Sessions Ignores Research, Continues to Blame Marijuana

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Attorney General Jeff Sessions made news in January for blaming marijuana for the opioid crisis. Political observers and investors alike are wondering what this means for the future of legal marijuana and the marijuana industry.

How does Sessions’ statements affect cannabis stocks and possibly what marijuana stocks to invest in for 2018?

During a speech at the Heritage Foundation to the Reagan Alumni Association in early February, Attorney General Sessions asserted that cutting prescriptions for opioid painkillers is crucial to combating the current opioid crisis that is taking a toll on America.

However, Sessions also claimed that legal marijuana use must be curtailed.

The Attorney General said, “The DEA said that a huge percentage of the heroin addiction starts with prescriptions. That may be an exaggerated number; they had it as high as 80 percent. We think a lot of this is starting with marijuana and other drugs too.”

In the past, Attorney General Sessions, claimed that “good people don’t smoke marijuana.” However, his claim that marijuana is a gateway drug which eventually leads to heroin use is deeply flawed.

Many people first experiment with marijuana, but, many researchers have argued that no strong evidence demonstrates that marijuana use leads to the use and abuse of harder drugs. Some argue that individuals use marijuana because it is more accessible than other illegal substances, and that many people’s first experiment with legal drugs such as alcohol or tobacco.

Sessions’ entire argument falls apart if legal marijuana were to become widely available to Americans.

According to a 2011 report from the Institute of Medicine, approximately 100 million US adults suffer from chronic pain, and even more suffer from acute pain. These figures are what doctors looked at while prescribing opioid painkillers at record rates in the 1990s and 2000s.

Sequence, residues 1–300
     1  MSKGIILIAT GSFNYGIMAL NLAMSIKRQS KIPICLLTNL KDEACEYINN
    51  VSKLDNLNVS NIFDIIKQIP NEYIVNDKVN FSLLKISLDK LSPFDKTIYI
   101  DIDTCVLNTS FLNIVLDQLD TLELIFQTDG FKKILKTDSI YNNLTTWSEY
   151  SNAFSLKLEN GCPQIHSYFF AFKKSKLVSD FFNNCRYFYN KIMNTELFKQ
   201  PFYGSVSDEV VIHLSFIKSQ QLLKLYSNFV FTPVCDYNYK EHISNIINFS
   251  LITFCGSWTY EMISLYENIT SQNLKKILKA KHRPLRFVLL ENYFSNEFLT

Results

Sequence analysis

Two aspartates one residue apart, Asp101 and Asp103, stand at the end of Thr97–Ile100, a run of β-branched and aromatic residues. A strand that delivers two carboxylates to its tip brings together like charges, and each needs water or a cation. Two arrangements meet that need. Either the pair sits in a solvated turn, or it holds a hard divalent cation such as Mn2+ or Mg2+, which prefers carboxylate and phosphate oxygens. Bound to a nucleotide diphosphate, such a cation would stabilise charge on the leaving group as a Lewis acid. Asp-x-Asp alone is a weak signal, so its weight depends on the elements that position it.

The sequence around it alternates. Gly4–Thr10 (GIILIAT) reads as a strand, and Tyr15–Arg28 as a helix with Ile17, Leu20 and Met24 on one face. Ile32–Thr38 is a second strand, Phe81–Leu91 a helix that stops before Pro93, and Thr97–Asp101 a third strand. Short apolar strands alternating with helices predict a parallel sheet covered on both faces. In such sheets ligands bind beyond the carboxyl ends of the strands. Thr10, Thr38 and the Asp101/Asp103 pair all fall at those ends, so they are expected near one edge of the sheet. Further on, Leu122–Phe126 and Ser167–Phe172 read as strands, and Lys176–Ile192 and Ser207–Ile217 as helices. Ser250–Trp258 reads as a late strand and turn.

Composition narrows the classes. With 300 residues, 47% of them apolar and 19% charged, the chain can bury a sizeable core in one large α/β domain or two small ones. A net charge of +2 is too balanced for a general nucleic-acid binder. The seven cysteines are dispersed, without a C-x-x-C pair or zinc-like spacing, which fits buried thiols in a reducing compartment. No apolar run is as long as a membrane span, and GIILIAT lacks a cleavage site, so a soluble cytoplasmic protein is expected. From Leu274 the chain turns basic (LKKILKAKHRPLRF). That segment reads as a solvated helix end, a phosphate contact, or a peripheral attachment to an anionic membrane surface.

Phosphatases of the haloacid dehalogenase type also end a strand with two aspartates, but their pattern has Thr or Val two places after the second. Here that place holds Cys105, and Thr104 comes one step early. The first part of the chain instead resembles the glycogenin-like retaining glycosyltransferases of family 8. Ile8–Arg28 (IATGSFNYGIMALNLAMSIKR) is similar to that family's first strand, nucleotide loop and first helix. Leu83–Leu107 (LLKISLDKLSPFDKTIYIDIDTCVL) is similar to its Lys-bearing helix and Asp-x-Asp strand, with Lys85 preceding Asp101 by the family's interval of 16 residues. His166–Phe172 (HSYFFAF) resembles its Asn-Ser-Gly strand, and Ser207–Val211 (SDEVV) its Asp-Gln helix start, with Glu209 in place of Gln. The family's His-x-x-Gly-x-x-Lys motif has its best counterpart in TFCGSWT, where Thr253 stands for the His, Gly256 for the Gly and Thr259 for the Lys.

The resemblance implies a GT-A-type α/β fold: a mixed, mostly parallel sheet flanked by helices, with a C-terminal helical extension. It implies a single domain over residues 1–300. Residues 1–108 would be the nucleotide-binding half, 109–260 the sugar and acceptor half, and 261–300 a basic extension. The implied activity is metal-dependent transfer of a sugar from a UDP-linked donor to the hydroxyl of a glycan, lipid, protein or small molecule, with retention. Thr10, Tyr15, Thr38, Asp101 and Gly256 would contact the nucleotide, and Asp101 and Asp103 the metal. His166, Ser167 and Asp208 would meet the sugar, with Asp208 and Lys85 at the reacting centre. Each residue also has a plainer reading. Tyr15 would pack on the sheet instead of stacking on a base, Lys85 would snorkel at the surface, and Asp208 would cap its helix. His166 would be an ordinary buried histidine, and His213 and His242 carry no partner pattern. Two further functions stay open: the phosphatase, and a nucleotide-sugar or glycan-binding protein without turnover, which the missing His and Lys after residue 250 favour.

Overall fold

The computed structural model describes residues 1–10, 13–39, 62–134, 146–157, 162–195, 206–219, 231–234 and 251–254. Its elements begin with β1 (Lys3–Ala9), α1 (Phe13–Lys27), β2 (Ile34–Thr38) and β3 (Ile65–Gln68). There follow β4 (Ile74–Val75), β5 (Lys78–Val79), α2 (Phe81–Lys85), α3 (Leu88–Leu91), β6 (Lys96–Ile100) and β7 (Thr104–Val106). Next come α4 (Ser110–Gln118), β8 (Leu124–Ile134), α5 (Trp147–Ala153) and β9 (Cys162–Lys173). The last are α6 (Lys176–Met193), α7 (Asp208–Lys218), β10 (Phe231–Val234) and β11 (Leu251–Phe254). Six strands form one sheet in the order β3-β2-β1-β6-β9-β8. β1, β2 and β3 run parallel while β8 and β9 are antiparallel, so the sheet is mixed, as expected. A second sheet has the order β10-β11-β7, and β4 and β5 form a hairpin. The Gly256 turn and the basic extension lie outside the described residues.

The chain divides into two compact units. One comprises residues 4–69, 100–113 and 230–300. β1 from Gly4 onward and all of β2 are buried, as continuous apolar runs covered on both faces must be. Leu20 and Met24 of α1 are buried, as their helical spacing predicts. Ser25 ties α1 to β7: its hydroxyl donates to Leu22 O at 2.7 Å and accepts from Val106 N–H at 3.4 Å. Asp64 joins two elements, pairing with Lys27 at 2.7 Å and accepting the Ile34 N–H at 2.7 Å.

Over time, a number of Americans became dependent on opioids, leading many people not only to misuse and abuse painkillers, but, also use illicit opioids such as heroin or fentanyl. This, in turn, has lead to the epidemic of addiction and overdose that plagues contemporary America.

However, opioids are not the only drugs that can help pain patients manage their health issues.

The medical marijuana industry seems to offer a way to help deal with America’s pain problem without the risks of addiction.

According to a review of research, published by the National Academies of Sciences, Engineering, and Medicine, participants reviewed more than 10,000 studies to evaluate marijuana’s potential palliative value. This review concluded that there is “conclusive evidence” for marijuana’s value as a treatment for chronic pain and other diagnoses. Additionally, this report concluded that there is no compelling evidence that pot causes health complications, such as overdose, that can lead to death. This data provides compelling evidence in favor of legal marijuana.

Despite Attorney General Jeff Sessions’ unreasonable and uninformed arguments against legal marijuana, medical marijuana may potentially have a bright future.

In fact, a number of other countries have legal marijuana, whether recreational or medical, and those countries are not plagued by the same opioid crisis that America is currently experiencing.

A 2016 survey conducted by the University of Michigan found that chronic pain patients who used marijuana reported a 64% drop in opioid use. This survey bodes well for the future of legal marijuana, especially when used in a medical context.

Of course, this study shows a correlation–not causation. Nevertheless, as medical marijuana and opioids can fill such similar roles as palliative therapies, one can deduce a certain amount of cause in the data.

This data provides strong empirical evidence for the argument that improving access to legal marijuana could save lives by reducing opioid prescriptions and dependence.

This is contrary to what Attorney General Jeff Sessions has suggested about marijuana. The Attorney General’s ill-formed diatribe against marijuana is not necessarily a death knell for the marijuana industry.

(To learn more about Sessions and his effect on pot stocks, read Sessions’ Stand Against Pot Backfires, Raising Marijuana Stocks.)

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